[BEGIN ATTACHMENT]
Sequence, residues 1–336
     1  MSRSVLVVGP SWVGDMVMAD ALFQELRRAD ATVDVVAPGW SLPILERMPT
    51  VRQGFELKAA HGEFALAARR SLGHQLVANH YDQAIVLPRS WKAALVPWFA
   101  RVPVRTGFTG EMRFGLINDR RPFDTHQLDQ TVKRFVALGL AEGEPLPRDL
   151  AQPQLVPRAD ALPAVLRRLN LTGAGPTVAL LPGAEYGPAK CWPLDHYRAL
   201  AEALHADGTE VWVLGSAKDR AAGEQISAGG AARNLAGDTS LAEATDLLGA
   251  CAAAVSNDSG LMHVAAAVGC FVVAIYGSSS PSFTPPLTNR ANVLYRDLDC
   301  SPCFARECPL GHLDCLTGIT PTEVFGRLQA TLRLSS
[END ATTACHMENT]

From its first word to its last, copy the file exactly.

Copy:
Sequence, residues 1–336
     1  MSRSVLVVGP SWVGDMVMAD ALFQELRRAD ATVDVVAPGW SLPILERMPT
    51  VRQGFELKAA HGEFALAARR SLGHQLVANH YDQAIVLPRS WKAALVPWFA
   101  RVPVRTGFTG EMRFGLINDR RPFDTHQLDQ TVKRFVALGL AEGEPLPRDL
   151  AQPQLVPRAD ALPAVLRRLN LTGAGPTVAL LPGAEYGPAK CWPLDHYRAL
   201  AEALHADGTE VWVLGSAKDR AAGEQISAGG AARNLAGDTS LAEATDLLGA
   251  CAAAVSNDSG LMHVAAAVGC FVVAIYGSSS PSFTPPLTNR ANVLYRDLDC
   301  SPCFARECPL GHLDCLTGIT PTEVFGRLQA TLRLSS